Media Organs in Cameroon Called to Raise Awareness on Trans-fatty Acids

Media Organs in Cameroon Called to Raise Awareness on Trans-fatty Acids

Media Organs in Cameroon Called to Raise Awareness on Trans-fatty Acids

By Nadege Ngeh

The Cameroon Baptist Convention (CBC) Health Services has drilled journalists from across the country on their role in raising awareness and advocacy on Trans-Fatty Acids (TFAs), in a one-day workshop on March 14, 2022, in Yaoundé.

During the session, the journalist from public and private media houses across Cameroon were reminded of the crucial role the media can play in educating Cameroonians on industrially-produced trans-fatty acids.

Emphasis was laid on the urgent need for the media to join the CBC Health Services to advocate for a national policy to regulate the production and consumption of foods containing TFAs in Cameroon; as well as to educate the public on the dangers of TFA)

“Trans-fatty Acids are a type of fat found in fried foods, fast foods, baked food, and stick margarine. They have no nutritional value, but their health effects are devastating. They increase the risk of coronary heart diseases and stroke and are responsible for over half a million deaths every year globally,” explained Dr. Epie Njume, General Supervisor for the NCD Prevention and Control Program of the CBC Health Services.

The World Health Organization has established a road map for eliminating TFAs worldwide, and many countries have put in place regulations to meet this WHO benchmark.

Sadly, while many countries are already aligning to the benchmark and regulating industrially-produced TFAs using legal instruments, Cameroon has not implemented such policies yet. Therefore is a dire need for Cameroon to join the trend, says Dr. Epie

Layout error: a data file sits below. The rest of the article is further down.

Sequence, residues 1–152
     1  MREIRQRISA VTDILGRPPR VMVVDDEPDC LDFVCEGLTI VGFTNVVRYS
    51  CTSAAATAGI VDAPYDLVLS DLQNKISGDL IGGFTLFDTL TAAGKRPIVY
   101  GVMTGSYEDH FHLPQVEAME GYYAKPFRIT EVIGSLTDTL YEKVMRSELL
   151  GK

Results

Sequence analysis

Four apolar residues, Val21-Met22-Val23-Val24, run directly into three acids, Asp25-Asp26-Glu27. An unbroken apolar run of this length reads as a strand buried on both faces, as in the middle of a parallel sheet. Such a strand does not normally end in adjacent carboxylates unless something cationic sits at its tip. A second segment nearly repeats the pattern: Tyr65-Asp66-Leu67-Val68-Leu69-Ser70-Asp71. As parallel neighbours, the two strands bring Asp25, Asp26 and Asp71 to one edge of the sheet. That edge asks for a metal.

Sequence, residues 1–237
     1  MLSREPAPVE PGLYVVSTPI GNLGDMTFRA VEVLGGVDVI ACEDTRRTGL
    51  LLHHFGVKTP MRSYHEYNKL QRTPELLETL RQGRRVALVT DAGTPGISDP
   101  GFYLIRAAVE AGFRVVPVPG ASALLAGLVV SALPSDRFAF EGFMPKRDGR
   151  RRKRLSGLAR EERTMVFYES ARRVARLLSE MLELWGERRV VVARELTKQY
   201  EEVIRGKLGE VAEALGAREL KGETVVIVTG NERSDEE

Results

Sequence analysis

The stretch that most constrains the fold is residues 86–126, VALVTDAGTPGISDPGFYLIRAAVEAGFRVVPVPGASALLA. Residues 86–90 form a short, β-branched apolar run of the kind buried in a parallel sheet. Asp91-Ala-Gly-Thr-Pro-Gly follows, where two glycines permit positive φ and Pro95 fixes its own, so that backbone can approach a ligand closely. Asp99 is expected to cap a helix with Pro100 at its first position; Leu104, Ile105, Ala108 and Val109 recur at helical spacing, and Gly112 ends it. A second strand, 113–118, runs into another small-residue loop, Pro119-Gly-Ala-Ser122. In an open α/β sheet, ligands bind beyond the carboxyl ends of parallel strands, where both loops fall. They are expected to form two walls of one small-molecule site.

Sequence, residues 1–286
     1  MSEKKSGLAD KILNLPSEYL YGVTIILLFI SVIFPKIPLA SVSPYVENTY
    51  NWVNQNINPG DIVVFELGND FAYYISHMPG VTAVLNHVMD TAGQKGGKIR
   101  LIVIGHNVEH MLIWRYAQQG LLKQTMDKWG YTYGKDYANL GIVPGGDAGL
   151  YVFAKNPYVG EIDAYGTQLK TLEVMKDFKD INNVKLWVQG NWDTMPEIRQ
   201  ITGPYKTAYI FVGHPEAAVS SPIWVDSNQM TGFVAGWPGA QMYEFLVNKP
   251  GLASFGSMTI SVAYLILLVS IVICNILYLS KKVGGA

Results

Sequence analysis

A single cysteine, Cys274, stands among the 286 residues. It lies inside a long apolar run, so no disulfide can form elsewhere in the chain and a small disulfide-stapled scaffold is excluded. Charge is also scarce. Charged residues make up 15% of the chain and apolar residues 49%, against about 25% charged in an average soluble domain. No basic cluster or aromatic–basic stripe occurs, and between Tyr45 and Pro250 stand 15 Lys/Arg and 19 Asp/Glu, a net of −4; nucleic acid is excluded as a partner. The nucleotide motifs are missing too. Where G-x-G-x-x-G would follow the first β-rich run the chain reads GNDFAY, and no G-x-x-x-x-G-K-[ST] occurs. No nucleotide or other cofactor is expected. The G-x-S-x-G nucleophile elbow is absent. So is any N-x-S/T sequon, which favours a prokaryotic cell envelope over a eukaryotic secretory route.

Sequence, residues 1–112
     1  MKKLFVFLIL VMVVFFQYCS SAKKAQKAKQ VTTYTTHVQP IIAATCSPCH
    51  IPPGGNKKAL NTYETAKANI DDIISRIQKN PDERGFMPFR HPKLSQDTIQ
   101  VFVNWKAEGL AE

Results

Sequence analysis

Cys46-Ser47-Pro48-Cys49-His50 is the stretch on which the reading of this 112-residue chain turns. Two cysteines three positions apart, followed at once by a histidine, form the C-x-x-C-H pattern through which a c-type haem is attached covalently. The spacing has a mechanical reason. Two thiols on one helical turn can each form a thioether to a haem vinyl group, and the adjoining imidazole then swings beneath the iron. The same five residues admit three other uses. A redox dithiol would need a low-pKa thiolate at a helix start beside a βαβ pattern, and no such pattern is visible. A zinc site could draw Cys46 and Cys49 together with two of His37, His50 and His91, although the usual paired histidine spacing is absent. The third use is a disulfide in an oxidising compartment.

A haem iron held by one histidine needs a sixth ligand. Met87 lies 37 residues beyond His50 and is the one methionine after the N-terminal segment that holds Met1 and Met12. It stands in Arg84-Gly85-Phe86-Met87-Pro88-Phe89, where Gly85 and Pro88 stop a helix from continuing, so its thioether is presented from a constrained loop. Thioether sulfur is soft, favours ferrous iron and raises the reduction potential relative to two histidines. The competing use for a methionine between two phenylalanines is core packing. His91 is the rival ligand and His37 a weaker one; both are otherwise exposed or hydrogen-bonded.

Talking on “Policy Dialogue with Media, The Urgency of a Strong Regulatory Framework in Cameroon.” Dr. Foyeth Eugene, Advocacy Adviser at CBC Health Services expounded on the regulatory options that other countries have adopted to control TFAs and policy options for Cameroon.

According to Dr. Foyeth, the Government of Cameroon could reduce TFA intake by imposing a legislative limit on TFA, mandating labeling, raising awareness in the community, and working with industries on healthy substitutes.

“The first step could be to issue a circular or ministerial decree with relevant stakeholders in advance of advocacy efforts, waiting for the competent authority to promulgate a law regulating industrially-produced trans-fats” he recommended.

At the close of the workshop, participants left with a commitment and mission to raise the consciousness of TFAs in their communities.

“It is my first time hearing about TFA. I know about fats in the body, but trans-fat is a whole new thing, and it is our social responsibility as media practitioners to safeguard the health of our audience,” remarked one of the participants.

The workshop was supported by Resolve To Save Lives.